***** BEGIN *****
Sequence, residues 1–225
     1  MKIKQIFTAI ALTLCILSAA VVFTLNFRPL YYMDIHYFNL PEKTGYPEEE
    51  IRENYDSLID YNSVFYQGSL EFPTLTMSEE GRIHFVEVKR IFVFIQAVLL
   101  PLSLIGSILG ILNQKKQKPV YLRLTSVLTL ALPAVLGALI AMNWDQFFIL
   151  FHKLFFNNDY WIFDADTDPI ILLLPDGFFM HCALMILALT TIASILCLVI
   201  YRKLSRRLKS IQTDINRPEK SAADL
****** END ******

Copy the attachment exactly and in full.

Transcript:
Sequence, residues 1–225
     1  MKIKQIFTAI ALTLCILSAA VVFTLNFRPL YYMDIHYFNL PEKTGYPEEE
    51  IRENYDSLID YNSVFYQGSL EFPTLTMSEE GRIHFVEVKR IFVFIQAVLL
   101  PLSLIGSILG ILNQKKQKPV YLRLTSVLTL ALPAVLGALI AMNWDQFFIL
   151  FHKLFFNNDY WIFDADTDPI ILLLPDGFFM HCALMILALT TIASILCLVI
   201  YRKLSRRLKS IQTDINRPEK SAADL